In 400 BCE in the Greek city of Syracuse, a chorus of women celebrate Aphrodite, the goddess of love. They are joined by Callirhoe, a woman who is so beautiful that everyone compares her to Aphrodite. A group of young athletes, led by Chaereas and his friend Polycharmus, then arrive. Callirhoe and Chaereas lock eyes and instantly fall in love.
Callirhoe’s envious suitors bring in her father Hermocrates and Chaereas’s father Ariston, bitter enemies, in the hopes that they will break up the young lovers. However, the fathers are convinced to put aside their feud and allow their children to marry. Callirhoe and Chaereas exchange bracelets as a sign of their devotion, and wedding celebrations ensue.
Undeterred, the suitors devise a new scheme. One secretly gives Callirhoe’s maid a bracelet identical to the wedding bracelets, which they use to trick Chaereas into thinking Callirhoe is unfaithful. In a jealous rage he rushes to confront her. Although she pleads her innocence, he does not listen. She collapses in frustration and appears lifeless. Her remorseful maid reveals the plot to Chaereas and he despairs, as he believes he killed Callirhoe.
The mourning citizens bury Callirhoe. After everyone leaves, she awakens and is horrified to find herself buried alive. The pirate Theron and his crew come to loot the tomb, and they abduct her along with the treasure.
In grief, Chaereas returns to Callirhoe’s resting place with Polycharmus and is shocked to find the tomb entirely empty. They realize she must be alive and hasten off to find her.
Across the sea in Miletus, the nobleman Dionysius laments his wife’s death. The pirates arrive and sell Callirhoe to Dionysius. As soon as he sees her, he forgets his sorrow and falls madly in love. Meanwhile, his servant Plangon suspects that Callirhoe is pregnant. Callirhoe explains that it is Chaereas’s child. Plangon advises her to marry Dionysius to protect herself and her baby, and Callirhoe reluctantly agrees to her proposal. As the wedding begins, Chaereas arrives. Plangon sees his bracelet and deduces that he is Callirhoe’s husband. Loyal to Dionysius and seeking to preserve his newfound happiness, she has Chaereas and Polycharmus arrested.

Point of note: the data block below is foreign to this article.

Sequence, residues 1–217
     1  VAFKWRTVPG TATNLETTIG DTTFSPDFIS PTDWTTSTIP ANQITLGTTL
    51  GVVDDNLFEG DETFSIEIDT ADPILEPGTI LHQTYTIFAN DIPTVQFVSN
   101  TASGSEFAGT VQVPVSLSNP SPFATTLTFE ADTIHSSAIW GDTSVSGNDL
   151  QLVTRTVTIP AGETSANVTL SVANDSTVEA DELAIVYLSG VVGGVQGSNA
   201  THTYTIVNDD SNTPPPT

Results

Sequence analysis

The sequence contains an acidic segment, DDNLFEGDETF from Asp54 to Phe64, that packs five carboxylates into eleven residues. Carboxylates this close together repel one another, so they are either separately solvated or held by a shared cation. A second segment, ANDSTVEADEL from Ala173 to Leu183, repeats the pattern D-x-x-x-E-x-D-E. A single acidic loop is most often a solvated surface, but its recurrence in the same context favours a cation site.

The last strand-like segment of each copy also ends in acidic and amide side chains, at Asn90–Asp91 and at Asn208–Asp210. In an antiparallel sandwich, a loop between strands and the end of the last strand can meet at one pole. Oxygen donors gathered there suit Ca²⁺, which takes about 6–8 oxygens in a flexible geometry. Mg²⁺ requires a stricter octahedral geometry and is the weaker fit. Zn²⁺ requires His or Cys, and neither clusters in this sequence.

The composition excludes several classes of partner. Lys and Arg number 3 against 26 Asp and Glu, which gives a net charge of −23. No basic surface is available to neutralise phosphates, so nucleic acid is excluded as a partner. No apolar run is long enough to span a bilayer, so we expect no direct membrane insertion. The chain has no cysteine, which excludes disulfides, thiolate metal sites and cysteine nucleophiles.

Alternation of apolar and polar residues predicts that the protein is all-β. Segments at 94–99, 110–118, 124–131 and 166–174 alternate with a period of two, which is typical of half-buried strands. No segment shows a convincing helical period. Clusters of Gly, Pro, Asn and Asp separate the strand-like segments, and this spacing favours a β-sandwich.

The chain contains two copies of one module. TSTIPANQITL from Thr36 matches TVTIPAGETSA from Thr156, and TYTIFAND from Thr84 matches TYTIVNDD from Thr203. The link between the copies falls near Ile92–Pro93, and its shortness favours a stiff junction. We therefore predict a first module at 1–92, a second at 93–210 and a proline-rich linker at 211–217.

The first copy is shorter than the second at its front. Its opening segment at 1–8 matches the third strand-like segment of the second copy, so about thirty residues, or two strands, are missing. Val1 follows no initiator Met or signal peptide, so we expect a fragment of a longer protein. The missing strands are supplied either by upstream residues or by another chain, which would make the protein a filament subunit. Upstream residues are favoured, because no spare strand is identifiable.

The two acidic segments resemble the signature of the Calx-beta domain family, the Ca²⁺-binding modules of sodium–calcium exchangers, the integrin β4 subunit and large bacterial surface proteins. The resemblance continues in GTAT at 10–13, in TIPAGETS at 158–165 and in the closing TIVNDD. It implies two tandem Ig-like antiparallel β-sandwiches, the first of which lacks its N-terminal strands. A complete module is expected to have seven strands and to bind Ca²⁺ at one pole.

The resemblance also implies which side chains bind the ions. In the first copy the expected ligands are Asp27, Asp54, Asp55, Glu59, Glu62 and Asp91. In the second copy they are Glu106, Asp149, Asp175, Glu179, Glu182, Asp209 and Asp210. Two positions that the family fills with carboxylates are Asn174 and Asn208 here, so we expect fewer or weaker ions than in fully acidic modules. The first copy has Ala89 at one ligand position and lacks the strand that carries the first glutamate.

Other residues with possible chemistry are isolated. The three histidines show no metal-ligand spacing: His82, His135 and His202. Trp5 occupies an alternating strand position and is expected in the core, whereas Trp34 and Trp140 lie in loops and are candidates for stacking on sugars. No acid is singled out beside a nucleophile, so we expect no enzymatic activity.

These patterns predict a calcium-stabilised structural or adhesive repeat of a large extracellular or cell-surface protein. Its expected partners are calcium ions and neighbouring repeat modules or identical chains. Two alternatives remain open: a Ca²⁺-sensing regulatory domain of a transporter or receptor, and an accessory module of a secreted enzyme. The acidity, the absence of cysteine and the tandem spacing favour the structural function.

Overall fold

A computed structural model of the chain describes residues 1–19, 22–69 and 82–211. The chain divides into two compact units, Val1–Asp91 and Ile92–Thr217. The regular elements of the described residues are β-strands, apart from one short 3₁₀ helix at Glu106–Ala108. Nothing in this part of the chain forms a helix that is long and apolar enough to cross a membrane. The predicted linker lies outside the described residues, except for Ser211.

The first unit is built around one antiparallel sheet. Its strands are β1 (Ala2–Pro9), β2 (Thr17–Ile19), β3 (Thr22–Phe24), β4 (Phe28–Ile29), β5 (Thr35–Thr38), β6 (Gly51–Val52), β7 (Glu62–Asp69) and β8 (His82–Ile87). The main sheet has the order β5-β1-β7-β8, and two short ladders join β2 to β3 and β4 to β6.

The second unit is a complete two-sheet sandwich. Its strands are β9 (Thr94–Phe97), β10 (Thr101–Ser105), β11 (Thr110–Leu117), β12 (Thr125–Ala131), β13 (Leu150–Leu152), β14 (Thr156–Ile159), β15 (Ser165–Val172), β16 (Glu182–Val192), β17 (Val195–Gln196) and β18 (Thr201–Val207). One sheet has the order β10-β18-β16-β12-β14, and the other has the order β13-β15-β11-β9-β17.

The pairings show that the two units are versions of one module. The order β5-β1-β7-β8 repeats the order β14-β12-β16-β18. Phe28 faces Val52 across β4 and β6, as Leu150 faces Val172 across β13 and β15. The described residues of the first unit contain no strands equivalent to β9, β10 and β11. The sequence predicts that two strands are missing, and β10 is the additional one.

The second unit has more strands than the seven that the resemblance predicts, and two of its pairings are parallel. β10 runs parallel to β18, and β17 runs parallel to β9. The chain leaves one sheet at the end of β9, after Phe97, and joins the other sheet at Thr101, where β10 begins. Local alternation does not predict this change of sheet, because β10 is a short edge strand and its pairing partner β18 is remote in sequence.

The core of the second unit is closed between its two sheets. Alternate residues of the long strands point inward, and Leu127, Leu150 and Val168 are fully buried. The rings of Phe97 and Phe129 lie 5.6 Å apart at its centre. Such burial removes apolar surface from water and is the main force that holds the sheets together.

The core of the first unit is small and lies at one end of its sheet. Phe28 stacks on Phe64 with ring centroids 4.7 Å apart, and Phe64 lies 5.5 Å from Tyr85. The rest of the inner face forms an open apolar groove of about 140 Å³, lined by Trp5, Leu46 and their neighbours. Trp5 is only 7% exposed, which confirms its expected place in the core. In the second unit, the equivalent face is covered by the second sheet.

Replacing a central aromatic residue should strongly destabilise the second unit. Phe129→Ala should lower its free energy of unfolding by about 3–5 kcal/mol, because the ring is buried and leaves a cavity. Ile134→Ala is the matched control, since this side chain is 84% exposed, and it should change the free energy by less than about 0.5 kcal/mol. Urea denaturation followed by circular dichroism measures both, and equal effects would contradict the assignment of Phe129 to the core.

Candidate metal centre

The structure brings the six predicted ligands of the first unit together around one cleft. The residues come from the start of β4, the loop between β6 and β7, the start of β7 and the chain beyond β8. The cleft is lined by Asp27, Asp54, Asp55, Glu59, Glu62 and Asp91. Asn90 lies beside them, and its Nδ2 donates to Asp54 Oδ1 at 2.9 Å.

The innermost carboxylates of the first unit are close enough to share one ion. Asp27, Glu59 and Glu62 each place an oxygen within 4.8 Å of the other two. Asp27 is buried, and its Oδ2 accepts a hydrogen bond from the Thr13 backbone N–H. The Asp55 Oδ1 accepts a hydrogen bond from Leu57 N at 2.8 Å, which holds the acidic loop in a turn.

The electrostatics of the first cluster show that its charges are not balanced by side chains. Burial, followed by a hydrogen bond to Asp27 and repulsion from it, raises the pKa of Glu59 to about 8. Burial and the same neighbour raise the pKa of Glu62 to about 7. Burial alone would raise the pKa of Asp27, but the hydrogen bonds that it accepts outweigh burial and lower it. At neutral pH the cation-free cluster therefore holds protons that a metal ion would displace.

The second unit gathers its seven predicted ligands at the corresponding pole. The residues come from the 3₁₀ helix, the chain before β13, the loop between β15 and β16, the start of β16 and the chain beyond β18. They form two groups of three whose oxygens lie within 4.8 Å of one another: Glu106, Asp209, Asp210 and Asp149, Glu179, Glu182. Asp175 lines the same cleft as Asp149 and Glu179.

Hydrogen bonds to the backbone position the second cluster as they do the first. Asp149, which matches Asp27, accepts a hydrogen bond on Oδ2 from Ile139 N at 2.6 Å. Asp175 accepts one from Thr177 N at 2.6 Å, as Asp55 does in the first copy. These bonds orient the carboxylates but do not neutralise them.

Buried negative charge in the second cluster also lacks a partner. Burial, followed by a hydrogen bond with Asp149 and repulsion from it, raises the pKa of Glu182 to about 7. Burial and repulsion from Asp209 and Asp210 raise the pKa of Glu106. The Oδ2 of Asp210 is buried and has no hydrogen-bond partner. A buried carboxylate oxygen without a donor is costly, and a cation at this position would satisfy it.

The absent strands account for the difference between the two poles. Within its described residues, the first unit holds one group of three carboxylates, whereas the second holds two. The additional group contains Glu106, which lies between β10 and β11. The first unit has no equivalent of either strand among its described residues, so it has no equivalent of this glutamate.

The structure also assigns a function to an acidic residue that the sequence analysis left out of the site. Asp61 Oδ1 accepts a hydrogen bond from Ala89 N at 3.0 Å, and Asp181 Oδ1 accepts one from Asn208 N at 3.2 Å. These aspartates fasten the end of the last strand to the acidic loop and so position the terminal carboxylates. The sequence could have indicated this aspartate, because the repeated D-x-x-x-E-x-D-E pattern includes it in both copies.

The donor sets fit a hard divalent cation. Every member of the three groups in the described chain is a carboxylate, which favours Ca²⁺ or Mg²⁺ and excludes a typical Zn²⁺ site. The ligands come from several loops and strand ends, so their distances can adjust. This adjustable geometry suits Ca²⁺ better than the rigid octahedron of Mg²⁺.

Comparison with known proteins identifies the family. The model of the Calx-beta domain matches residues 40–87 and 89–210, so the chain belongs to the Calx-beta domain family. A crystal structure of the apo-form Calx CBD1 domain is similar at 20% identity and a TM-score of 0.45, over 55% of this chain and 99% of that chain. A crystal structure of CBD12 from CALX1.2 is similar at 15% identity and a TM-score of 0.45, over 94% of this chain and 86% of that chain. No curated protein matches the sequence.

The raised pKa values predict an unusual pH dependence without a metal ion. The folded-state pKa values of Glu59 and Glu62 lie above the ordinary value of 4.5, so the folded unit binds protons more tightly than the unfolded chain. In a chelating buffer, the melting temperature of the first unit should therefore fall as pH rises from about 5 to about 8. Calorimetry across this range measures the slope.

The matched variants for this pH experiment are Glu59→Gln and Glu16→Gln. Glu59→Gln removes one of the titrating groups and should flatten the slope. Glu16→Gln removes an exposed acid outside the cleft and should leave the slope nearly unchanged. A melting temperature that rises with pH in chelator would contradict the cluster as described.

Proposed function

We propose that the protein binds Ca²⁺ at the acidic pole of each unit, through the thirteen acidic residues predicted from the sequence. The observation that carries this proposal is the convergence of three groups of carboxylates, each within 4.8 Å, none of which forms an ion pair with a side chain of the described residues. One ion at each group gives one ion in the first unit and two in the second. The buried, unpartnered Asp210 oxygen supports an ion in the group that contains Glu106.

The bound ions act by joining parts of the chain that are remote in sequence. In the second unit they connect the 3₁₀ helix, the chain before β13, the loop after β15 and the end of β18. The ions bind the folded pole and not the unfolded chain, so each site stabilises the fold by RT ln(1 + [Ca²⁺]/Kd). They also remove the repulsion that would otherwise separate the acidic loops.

Now captives, Chaereas and Polycharmus are carted off to the palace of the powerful Mithridates. Mithridates sees Chaereas’s fine bracelet and asks him who he is. As Chaereas narrates his past, it unfolds before him in a vision. Mithridates wants Callirhoe for himself and orders his guards to find her. When she arrives, Dionysius and Mithridates fight over her. However, they are stopped and reminded that, by law, all disputes between noblemen must be settled by the King of Babylon.
In Babylon, Dionysius and Mithridates present their case to the King. Dionysius states that Mithridates tried to seduce his wife, but Mithridates argues that Callirhoe is not Dionysius’s wife because she was already married to Chaereas. Callirhoe and Chaereas are summoned and their bracelets prove that they are married. Although they want to reunite, they are stopped by the King, who now also lusts after Callirhoe. Refusing to listen to everyone’s protests, he forces her to dance with him.
Suddenly, the palace is thrown into chaos when Egypt declares war on Babylon. The King whisks his court to safety, taking Callirhoe with him and appointing Dionysius general of his army. A vengeful Chaereas enlists in the Egyptian army. In battle, the Egyptian General is wounded, and Chaereas’s resolve to fight for his love is doubled. He leads the Egyptian forces to victory.
After their harrowing ordeal, Callirhoe and Chaereas are reunited. A remorseful Chaereas begs her for forgiveness, and she is torn. Although she is grateful for Dionysius’s kindness, she realizes that she has only ever loved Chaereas.
She chooses to forgive.
Dionysius accepts her decision and, as a gesture of his love, has Plangon bring Callirhoe her son. The mistakes of the past are understood with compassion. Callirhoe, Chaereas, and their son start the journey home.